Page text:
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High Stakes Payment Reform Comes with High Hopes

Analysis  |  By Christopher Cheney  
   May 09, 2016

The most ambitious attempt in a generation to redesign the way physicians are paid for providing services to Medicare beneficiaries is a work in progress.

Physicians are far from the only healthcare providers facing high stakes in the proposed rule for Medicare's Merit-Based Incentive Payment System (MIPS) and associated regulations for alternative payment models (APMs).

MIPS and APMs are the heart and soul of the Medicare Access & CHIP Reauthorization Act (MACRA) of 2015 that Congress enacted last year to replace the widely reviled Sustainable Growth Rate (SGR) formula for physician reimbursement.

Officials at the American Hospital Association say the proposed rule for MACRA released on April 27 is just as important for health systems and hospitals as it is for physicians who receive reimbursement payments from Medicare.

"We have been watching this particular rule with a great deal of interest," says Akin Demehin, senior associate director for policy at AHA.

"It really comes down to the fact that hospitals currently employ somewhere in the neighborhood of 240,000 to 250,000 physicians, and we have contractual relationships with another 290,000 to 295,000. So hospitals and their physicians are partners in delivering care in their communities. This rule matters a great deal to hospitals as well as physicians."


Related: 3 Ways to Prep Physicians for MACRA's Unknowns


MACRA rules are going to play a key role in helping to guide all healthcare providers away from business models structured for fee-for-service medical care to value-based business models, says Melissa Jackson, who also serves as a senior associate director for policy at AHA.

"As we see the field shift away from volume-based care into more care that rewards high value, the incentives are for hospitals and physicians to work more closely together," she says.

"We're seeing shifts in the relationship—where even when physicians are not employed, hospitals and physicians are forming tighter affiliations. So, particularly with the incentives that are embedded in the new physician payment system under MACRA, and the emphasis on the alternative payments models and value-based payment, that helps align incentives across hospitals and physicians."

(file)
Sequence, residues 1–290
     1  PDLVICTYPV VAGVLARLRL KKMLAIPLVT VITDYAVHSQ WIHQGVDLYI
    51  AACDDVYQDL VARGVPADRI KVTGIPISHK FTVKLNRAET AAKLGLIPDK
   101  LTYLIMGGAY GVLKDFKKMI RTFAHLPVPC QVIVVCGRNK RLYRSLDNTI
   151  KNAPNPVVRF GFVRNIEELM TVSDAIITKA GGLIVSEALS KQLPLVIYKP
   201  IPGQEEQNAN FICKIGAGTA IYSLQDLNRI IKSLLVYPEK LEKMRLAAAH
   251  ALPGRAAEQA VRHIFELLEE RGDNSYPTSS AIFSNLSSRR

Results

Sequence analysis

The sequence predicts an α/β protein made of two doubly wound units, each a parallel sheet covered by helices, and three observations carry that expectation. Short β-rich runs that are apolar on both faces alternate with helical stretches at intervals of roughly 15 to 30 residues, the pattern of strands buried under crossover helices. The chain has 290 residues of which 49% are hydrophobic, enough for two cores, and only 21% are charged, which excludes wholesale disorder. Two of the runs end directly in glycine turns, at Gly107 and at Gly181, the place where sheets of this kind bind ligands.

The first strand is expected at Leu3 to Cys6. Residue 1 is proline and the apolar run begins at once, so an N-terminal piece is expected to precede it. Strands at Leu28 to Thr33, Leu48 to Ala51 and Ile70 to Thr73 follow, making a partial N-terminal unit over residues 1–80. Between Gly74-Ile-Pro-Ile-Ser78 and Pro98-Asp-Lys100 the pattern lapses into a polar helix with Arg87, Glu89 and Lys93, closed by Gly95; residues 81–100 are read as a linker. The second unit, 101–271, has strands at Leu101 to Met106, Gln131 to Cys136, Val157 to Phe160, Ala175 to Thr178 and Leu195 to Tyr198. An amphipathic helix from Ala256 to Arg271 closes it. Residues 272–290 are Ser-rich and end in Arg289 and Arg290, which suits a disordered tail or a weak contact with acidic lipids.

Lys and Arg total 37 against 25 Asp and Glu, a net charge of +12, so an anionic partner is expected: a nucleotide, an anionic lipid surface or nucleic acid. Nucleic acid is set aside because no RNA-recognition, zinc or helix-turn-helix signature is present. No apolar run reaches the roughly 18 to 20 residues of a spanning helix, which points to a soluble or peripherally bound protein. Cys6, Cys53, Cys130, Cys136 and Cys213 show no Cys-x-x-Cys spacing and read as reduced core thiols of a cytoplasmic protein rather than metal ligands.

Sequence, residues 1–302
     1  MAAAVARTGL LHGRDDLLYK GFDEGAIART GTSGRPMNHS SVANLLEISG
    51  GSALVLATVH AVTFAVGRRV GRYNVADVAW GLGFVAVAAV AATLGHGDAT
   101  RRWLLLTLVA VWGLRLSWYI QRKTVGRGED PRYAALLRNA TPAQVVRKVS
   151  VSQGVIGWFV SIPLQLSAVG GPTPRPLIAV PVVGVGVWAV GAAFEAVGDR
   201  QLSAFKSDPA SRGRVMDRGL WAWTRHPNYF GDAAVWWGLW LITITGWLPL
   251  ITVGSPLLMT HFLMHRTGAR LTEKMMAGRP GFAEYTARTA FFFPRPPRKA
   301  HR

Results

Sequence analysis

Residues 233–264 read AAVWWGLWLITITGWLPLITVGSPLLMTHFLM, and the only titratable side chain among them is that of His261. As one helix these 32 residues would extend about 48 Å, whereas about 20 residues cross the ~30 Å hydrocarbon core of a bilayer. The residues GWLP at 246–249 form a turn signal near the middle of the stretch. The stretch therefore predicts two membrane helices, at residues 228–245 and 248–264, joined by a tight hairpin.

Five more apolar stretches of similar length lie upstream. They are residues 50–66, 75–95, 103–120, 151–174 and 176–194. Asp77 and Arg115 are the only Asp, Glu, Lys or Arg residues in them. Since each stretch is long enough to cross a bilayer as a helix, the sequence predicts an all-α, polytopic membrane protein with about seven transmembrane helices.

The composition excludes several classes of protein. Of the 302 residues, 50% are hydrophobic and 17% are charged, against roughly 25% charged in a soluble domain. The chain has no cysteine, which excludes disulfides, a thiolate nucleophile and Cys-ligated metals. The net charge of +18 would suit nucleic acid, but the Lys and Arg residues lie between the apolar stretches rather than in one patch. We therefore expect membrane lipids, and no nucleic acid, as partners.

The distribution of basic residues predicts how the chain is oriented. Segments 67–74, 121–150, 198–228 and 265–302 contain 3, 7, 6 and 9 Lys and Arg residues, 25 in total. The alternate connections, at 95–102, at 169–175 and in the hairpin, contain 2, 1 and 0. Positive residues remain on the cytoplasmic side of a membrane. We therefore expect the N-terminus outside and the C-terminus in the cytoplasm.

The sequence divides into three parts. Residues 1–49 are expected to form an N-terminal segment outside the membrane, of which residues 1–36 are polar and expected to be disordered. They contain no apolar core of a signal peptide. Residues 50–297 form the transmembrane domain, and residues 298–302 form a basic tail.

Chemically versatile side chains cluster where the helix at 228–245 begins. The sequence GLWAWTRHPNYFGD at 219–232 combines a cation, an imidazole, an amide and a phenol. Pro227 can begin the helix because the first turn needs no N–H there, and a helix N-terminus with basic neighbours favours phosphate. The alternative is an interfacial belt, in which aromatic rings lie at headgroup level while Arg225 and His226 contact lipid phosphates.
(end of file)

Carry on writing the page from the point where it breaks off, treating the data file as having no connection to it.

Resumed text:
"Although this is physician payment, there's a growing sense among our members that 'us is them,' that this really impacts hospitals," adds Jackson.


Related: Physicians Stymied by MACRA's Unknowns


The 962-page proposed rule for MACRA provides details for implementation of MIPS and APMs. Highlights of the proposed rule include:

  • The first performance period for the new payment system is slated to start in 2017, with payment adjustments beginning in 2019. "This time frame is needed to allow data and claims to be submitted and data analysis to occur," the proposed rule says.

  • The categories of clinicians who would be eligible for Medicare reimbursement through MIPS are physicians, physician assistants, nurse practitioners, clinical nurse specialists, and certified registered nurse anesthetists.

  • Scoring of APMs would be based on four MIPS performance standards: quality, resource use, clinical performance improvement activities, and "advancing care information." CMS says the primary goal of the advancing care information standard is to replace the existing Meaningful Use program with a new approach that "increases flexibility, reduces burden, and improves patient outcomes."

  • Clinicians would only qualify for APM payment incentives if they participate in an "Advanced APM," which would have three main characteristics: the APM would be required to use CMS-certified electronic health record technology, payment would have to be based on quality measures similar to those used in the MIPS quality performance category, and the APM would have exposure to downside risk.

  • Clinicians participating in an Advanced APM would be exempt from MIPS, which has a separate payment incentive system.

  • The proposed rule sets criteria for Advanced APMs, but it only names a handful of existing CMS APM models that would qualify for Advanced APM status, including Track 2 and Track 3 of the Medicare Shared Savings Program (MSSP), Next Generation ACO, and Comprehensive Primary Care Plus (CPC+).

Christopher Cheney is the senior clinical care​ editor at HealthLeaders.


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